After relentlessly pursuing one of the proprietors, I finally got the permission to photograph a circus troupe. The traveling circus at that point in time was stationed in Trivandrum (Kerala, India). This was in July 2012. Circus, I think as probably do many, is not so popular form of mass entertainment these days. It is dying. The onslaught of television, movies, internet and other forms of entertainment has all but killed this performance art. As a child, I remember being mesmerized by the gravity defying acts. However, as a grown up, my attention shifted from the performances to the performers.
Most of the performers were Nepalis. The word soon spread about me being a Nepali also. They were extremely comfortable with me and my camera. The poses came naturally. Most of them said that they were from villages in Makwanpur district. I wanted to know their stories.
I did manage get some facts about a few Nepali performers. Some stories could easily be adapted into a romantic movie- of people meeting, performing, falling in love and promising to spend the rest of their lives together. One such is the story of Menuka Lama, 25, and Bhusan Lama, 27 (picture number 4). Menuka was 10 when she was brought to the circus, which she calls her home now. She says she has no regrets as she cozies up to her husband for a photograph. They met here. It almost looked like a happily-ever-after story. But is it so, I asked. ‘This is the kind of life written for me, it is my destiny,’ she justifies her past and present.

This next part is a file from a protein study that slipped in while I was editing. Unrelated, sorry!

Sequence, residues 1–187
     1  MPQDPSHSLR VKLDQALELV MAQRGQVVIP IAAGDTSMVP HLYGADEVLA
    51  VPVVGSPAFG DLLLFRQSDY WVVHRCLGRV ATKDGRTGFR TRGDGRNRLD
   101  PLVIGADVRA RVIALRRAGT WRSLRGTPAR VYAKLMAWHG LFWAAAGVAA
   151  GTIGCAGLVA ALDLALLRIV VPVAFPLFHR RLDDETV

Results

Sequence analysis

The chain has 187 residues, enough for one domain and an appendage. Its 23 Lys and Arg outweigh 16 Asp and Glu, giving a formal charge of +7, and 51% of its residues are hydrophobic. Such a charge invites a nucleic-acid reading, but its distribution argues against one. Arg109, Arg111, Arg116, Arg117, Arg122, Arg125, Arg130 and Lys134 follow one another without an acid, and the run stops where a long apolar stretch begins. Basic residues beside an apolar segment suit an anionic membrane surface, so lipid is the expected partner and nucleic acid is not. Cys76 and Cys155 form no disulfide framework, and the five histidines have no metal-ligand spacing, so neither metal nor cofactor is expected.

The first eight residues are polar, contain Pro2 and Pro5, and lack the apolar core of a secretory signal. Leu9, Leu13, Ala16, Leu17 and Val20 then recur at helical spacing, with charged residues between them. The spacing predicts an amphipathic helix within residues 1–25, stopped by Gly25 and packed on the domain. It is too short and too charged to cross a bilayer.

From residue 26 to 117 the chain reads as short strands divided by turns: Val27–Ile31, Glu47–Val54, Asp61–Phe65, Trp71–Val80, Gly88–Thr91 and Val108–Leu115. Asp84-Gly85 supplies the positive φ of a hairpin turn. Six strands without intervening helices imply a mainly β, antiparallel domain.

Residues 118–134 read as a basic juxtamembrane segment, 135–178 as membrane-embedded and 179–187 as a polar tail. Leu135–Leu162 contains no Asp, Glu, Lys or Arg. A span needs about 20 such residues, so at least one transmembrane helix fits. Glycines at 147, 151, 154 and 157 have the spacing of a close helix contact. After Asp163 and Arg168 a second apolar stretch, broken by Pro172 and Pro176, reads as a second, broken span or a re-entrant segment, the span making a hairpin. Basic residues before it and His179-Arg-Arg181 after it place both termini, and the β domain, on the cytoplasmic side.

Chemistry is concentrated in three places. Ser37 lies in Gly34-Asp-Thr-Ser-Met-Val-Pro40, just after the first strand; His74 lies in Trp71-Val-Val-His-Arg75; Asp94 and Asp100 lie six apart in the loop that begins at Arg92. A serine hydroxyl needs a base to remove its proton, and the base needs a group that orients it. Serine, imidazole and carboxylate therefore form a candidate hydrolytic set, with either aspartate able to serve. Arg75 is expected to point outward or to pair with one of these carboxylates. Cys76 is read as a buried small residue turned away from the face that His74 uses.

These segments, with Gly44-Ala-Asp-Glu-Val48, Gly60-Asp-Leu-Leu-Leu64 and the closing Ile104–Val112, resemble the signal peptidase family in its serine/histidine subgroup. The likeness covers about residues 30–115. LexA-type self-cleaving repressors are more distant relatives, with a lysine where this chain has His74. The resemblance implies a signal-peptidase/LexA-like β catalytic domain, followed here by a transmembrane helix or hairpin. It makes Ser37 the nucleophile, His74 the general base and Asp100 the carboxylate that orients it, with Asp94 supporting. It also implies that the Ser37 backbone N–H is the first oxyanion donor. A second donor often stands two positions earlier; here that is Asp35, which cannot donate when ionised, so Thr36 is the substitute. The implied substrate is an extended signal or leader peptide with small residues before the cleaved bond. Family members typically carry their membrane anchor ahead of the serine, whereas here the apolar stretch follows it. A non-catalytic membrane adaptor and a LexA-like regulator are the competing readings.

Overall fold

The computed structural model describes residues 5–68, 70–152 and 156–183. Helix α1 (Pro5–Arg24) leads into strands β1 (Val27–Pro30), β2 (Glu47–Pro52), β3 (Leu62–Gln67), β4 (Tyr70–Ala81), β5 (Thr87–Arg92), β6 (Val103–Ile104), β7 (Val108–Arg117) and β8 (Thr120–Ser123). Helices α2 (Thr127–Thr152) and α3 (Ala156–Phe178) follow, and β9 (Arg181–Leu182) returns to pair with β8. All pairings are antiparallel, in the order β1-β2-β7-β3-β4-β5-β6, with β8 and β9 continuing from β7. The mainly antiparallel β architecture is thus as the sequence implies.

Meanwhile, the group of girls in their dormitory (picture number 6) welcomed me to their abode only to be kicked out by their matron shortly. They surrounded me and started asking all sorts of questions. And I happily answered them. It was time for their afternoon tea. I was treated to egg patties and a cup of tea. In between, a girl from Biratnagar affectionately asked, ‘didi tapai ko kapal korideu?’ (sister shall I do your hair?). After documenting for hours, my hair was disheveled as, I, too, was performing with my camera. Amidst the curiosity, smiles and emotions, we bonded- the bond of being a Nepali in a not-so-foreign-land. It was quite an emotional affair.